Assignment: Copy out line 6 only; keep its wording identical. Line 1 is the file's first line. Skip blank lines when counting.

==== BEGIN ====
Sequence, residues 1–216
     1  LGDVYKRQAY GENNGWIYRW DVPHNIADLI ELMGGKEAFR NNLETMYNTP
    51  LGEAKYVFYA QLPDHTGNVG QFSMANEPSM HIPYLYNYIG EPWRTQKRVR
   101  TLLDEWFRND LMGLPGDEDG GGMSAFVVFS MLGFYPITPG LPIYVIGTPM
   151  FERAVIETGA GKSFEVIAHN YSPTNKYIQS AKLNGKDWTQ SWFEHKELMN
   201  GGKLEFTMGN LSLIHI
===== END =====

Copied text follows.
   201  GGKLEFTMGN LSLIHI